One of the challenges I face every year in IB Theory of Knowledge classes is getting students to learn about and practice the art of story-telling when they do their Oral Presentations and write their TOK essays.
In the past, I haven’t done much with that until it was actual time to do those two projects. One of the activities we do then is review a lot of the materials I have on The Best Digital Storytelling Resources.
Once I saw the article To Improve Your Storytelling Skills, Use Abraham Lincoln as Inspiration earlier this week, though, I decided to try an experiment.
There’s been a lot attention lately pushing scientists to tell stories about their work. And I have a vague memory of seeing a short piece in some TOK book about having students tell science stories, too.
So, after briefly telling students about the importance storytelling would have in their upcoming presentation and essay, I had them read the Lincoln article. It suggests that the key to his storytelling success was using a four-part series:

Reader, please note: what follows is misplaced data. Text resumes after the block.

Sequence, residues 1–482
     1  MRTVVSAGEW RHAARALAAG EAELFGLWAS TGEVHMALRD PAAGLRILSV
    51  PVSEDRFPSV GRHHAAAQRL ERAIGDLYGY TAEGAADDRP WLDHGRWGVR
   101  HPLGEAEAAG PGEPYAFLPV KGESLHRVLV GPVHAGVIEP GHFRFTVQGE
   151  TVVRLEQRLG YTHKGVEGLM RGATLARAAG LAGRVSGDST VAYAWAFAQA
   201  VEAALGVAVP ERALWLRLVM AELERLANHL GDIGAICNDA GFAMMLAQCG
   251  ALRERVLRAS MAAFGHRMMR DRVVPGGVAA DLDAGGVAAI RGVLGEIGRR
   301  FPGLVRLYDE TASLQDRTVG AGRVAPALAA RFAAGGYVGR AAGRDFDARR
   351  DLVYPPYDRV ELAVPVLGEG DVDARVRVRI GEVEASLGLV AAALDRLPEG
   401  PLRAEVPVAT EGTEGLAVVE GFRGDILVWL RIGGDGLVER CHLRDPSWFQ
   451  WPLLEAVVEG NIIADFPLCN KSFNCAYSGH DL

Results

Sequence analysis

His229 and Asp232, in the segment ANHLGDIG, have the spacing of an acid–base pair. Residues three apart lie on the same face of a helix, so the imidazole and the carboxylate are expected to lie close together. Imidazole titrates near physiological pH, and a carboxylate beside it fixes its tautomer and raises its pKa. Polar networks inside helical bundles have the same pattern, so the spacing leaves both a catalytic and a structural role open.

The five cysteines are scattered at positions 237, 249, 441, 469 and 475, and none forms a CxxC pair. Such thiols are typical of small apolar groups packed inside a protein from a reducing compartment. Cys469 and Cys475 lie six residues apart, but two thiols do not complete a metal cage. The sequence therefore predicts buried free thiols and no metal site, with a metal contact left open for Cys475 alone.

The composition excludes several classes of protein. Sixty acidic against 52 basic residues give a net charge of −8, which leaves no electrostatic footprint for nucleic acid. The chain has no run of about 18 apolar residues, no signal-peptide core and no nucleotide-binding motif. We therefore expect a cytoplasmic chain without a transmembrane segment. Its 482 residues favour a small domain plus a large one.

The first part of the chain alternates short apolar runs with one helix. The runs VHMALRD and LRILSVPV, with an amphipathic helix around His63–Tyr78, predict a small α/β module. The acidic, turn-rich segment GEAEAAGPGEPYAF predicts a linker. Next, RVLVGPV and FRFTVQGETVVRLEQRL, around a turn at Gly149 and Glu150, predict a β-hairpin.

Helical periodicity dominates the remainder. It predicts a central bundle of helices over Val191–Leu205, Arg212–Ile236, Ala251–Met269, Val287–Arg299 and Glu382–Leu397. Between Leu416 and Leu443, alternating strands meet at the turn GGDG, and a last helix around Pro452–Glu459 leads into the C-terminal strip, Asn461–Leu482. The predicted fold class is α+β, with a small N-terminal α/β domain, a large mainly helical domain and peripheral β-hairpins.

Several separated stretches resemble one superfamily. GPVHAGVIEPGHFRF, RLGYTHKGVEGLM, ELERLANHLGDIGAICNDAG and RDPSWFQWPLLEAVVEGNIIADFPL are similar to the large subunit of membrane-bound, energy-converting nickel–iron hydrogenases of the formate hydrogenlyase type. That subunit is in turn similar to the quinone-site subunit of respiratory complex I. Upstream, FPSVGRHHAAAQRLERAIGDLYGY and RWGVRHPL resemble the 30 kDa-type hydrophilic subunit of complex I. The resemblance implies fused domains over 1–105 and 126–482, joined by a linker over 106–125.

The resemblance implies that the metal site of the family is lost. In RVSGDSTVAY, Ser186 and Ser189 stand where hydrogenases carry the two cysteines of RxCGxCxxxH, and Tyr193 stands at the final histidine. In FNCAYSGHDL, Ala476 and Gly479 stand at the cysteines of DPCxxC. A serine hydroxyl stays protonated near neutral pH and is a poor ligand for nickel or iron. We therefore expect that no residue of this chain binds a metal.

(Part 1) In the past…
(Part 2) Then something happened . . .
(Part 3) So now . . .
(Part 4) In the future . . .
I had students apply that sequence to telling the story of a scientific discovery of their choice (we’re studying Natural Sciences right now):
1. How was life prior to the discovery? What did people believe?
2. How was the discovery made?
3. How did the discovery affect the world when it occurred?
4. How has the discovery affected the world of today?
Students worked in pairs, created a poster, and made very short presentations “speed-dating” style.
It went very well. Ask me in a month-or-two how effective it was in helping them formulate stories for their oral presentations…